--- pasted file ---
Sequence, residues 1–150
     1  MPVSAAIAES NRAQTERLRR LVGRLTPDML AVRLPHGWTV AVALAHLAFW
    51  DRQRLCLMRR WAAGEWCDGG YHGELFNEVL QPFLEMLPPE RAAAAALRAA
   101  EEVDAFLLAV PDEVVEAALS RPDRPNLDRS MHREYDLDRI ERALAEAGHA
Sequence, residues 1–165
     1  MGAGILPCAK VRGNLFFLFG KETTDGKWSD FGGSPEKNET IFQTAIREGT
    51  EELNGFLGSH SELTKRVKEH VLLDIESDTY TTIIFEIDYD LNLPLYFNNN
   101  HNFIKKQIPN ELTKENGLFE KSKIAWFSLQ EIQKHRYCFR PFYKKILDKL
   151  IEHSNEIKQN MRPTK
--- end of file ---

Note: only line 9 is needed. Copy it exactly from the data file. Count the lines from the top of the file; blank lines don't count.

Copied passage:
   151  IEHSNEIKQN MRPTK